LIFE With the Yankees: Rare Photos From Spring Training, 1961
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In 1961, during spring training in Florida, LIFE gave 25-year-old Yankee shortstop Tony Kubek a camera and asked him to photograph his teammates: Mantle, Berra, Maris, Ford, and the rest of the players on what would be seen, in time, as one of the greatest teams in baseball history.
The resulting photos were never published. (See slide 12 in this gallery for a possible reason why.) Now, five decades later, LIFE.com presents those pictures, along with Kubek’s own insights and memories of that particular spring training, and that singular, unforgettable era of pro ball.
Kubek, the 1957 American league Rookie of the Year, played his entire nine-year career with the Yankees, winning seven American League pennants and three World Series. After he retired, he embarked on a distinguished broadcast career, working for NBC for more than 20 years (as an analyst for the network’s Saturday “Game of the Week,” among others) and calling Yankee games for the MSG network for another five. In 2009 he was given the Hall of Fame’s Ford Frick Award, bestowed on a broadcaster for “major contributions to baseball.” Now 76 years old, he lives in Wisconsin. He doesn’t follow pro ball much anymore. (He retired from broadcasting in 1994, he says, because “I got tired of hearing myself talk, and it was time to get on with another phase of life with my wife, Margaret.”) But the images in this gallery obviously had some resonance for him, and after all these years, they got him talking again — about his own playing days; about the game as he knew it back then; and about guys with names like Mickey, Yogi, Elston, Whitey, Moose, Bobby, Roger — his teammates, and his friends.
On Mickey Mantle:
“One amazing thing about Mickey,” Kubek told LIFE.com, “is what he was able to accomplish despite the devastating injuries he suffered. [Note: Mantle suffered serious damage to his legs starting in his teenage years, and played through pain his entire pro career.] This has all been well-documented, of course, but as his teammates we saw it, every day — how he had to tape his legs with huge Ace bandages before every game, from hip to ankle, and then he’d go out and somehow run down a shot to deep center field that no one else would have been able to catch, or he’d hit one of his huge tape-measure home runs. He did all that for years and years on legs that, after a game, were so swollen and in pain that we would have to physically help him out of a cab, because his knees wouldn’t hold his weight.” In 1961, bad knees and all, Mantle hit .317, drove in 128 runs, and (famously, in his race after Babe Ruth’s home run record with teammate Roger Maris) hit 54 homers.
On Roger Maris:
Kubek recalls Maris as one of the greatest multi-tool ballplayers he ever saw. “For a few years there,” Kubek says, “Roger was as good an all-around player as there was in either league — and I’m including Willie Mays and Hank Aaron and all the other Hall of Famers from that era. He could run like hell, he had an arm like a cannon — and could throw with accuracy — and of course he was a tremendous hitter. The best thing and the worst thing that ever happened to Roger was hitting those 61 home runs in 1961, because it distracted from what a complete baseball player he truly was.”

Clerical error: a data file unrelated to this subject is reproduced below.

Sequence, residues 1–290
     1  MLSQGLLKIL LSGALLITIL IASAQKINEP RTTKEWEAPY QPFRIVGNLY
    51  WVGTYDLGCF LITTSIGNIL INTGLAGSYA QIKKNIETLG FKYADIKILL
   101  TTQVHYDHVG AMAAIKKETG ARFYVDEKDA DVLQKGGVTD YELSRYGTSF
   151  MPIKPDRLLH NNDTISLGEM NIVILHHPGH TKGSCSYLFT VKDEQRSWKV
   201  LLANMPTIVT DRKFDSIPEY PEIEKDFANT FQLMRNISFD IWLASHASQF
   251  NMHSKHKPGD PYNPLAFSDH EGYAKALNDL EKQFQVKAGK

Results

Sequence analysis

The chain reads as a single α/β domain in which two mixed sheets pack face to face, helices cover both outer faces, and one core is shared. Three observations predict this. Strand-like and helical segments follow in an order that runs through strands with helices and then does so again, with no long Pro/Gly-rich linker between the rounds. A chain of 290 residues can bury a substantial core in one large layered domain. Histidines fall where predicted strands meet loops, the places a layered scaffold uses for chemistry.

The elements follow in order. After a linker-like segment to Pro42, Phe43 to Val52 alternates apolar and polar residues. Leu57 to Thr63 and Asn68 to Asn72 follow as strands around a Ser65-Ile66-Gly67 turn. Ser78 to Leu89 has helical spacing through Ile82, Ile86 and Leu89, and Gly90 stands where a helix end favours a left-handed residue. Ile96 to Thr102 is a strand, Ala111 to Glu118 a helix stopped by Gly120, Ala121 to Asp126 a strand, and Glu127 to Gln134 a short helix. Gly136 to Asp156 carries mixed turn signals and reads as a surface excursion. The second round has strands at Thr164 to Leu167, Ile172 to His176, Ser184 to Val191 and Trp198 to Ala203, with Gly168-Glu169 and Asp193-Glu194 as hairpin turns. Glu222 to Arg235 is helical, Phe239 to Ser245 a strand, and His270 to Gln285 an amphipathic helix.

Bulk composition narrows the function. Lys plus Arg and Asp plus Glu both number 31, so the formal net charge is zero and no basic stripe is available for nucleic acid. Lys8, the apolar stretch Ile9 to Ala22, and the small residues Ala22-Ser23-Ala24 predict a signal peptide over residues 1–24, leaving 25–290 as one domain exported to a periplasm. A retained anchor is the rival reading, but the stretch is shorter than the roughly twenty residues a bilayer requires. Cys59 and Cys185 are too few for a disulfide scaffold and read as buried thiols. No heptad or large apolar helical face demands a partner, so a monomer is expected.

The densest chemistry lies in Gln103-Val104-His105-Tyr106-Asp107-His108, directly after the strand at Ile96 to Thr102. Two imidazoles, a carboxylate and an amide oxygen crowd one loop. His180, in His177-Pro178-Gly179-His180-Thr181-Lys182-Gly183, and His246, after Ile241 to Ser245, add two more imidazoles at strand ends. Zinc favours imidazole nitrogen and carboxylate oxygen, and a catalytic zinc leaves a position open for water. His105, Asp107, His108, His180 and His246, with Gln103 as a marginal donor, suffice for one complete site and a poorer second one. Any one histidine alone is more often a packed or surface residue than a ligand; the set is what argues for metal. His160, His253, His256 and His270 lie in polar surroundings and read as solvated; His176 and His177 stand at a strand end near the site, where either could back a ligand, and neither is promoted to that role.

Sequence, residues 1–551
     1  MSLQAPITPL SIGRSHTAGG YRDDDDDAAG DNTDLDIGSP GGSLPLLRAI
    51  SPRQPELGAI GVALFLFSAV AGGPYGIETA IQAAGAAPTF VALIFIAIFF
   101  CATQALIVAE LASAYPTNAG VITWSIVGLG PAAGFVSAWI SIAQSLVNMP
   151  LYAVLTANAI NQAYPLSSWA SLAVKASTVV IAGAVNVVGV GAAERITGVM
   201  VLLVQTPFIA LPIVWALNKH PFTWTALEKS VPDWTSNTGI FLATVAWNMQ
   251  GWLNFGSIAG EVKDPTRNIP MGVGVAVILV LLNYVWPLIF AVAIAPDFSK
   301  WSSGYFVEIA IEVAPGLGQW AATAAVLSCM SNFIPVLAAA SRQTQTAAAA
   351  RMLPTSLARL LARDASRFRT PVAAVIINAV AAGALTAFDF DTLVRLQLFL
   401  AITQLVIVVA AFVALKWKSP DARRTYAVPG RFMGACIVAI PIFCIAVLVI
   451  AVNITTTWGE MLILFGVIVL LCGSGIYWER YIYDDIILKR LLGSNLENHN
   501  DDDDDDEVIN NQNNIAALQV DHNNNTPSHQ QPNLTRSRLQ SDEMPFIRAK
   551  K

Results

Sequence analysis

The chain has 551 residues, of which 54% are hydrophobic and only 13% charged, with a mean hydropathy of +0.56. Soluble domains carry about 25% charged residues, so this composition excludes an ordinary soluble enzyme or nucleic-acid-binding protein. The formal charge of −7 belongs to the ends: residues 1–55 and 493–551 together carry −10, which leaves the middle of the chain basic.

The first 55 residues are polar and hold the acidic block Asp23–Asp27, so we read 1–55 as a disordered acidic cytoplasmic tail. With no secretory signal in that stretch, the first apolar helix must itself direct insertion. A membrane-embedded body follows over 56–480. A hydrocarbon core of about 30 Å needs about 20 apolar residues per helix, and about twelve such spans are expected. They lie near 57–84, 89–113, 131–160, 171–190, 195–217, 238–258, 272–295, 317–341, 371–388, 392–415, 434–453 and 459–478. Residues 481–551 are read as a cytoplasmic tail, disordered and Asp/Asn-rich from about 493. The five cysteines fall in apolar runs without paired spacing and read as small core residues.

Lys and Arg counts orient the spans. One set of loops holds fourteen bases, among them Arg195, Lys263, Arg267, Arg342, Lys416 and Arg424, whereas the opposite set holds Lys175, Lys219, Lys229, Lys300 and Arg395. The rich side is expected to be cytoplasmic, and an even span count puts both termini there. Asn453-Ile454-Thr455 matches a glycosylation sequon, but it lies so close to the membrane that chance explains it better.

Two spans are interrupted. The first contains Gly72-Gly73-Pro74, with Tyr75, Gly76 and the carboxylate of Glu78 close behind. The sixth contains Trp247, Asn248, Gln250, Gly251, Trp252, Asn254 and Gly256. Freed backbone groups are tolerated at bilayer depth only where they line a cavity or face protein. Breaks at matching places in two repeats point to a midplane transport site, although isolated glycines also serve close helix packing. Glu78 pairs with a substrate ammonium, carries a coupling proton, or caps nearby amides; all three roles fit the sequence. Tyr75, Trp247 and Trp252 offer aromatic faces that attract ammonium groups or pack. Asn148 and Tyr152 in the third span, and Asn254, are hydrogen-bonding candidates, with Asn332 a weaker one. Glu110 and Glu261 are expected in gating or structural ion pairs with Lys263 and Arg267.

On Bobby Richardson:
“I roomed with Bobby for years,” Kubek recalls, “and beyond his remaining a good friend, let me tell you, he is highly underrated as a player. People say, ‘Well, sure, he was the World Series MVP in 1960 [He remains the only player from a losing team ever to win the award; Richardson hit .367 and drove in 12 runs in the seven-game loss to the Pirates.] but that’s about all they know of the guy. But he was an All-Star, he won a lot of Gold Gloves, he was solid at the plate. Bobby was a damn good ballplayer, and a central part of that team in 1961.”
On Elston Howard:
“Ellie should be in the Hall of Fame,” Kubek says, simply and firmly, of his old teammate, the first African American to play on the Yankees. “Elston not only starred in the Negro Leagues, but he then went on and played in the majors for years. He was an All-Star, won world championships, won Gold Gloves, was a league MVP — he was Hall of Fame caliber.”
On Bob Turley:
Turley was no slouch on the mound (he won a Cy Young Award and a World Series MVP award during his career), but 1961 was almost a lost season for him. “Bob had an injured arm and was close to going home because he felt like he couldn’t help the team and maybe should make room for another, healthier player,” Kubek told LIFE.com. “But the reason Turley stayed for the year, even if he was on the bench for much of it, is that [new Yankee manager Ralph Houk] said, ‘Bob, you’re not leaving.’ Now, here’s the thing. Bob, who later became a pitching coach himself, had an amazing knack where he could look at a pitcher and — simply by studying the way the guy held the ball or moved his glove or stood on the mound — he could call the pitches. He knew what was coming!”
On Whitey Ford:
“Despite Mickey hitting 54 home runs and Roger’s 61, and all the other guys hitting pretty well, we didn’t lead the league in scoring in 1961,” Kubek points out. “The fact is, what won us the pennant was Whitey Ford. Ralph Houk and Johnny Sain decided that he would pitch every fourth day, and he ended up winning the Cy Young, with a 25-4 record. Elston Howard called him the Chairman of the Board, and in 1961 — when we were coming off that crushing loss to the Pirates in the 1960 Series — that’s exactly what he was. Whitey was the real deal.”
NOTE: Another version of this gallery appeared, in different form, on an earlier incarnation of LIFE.com.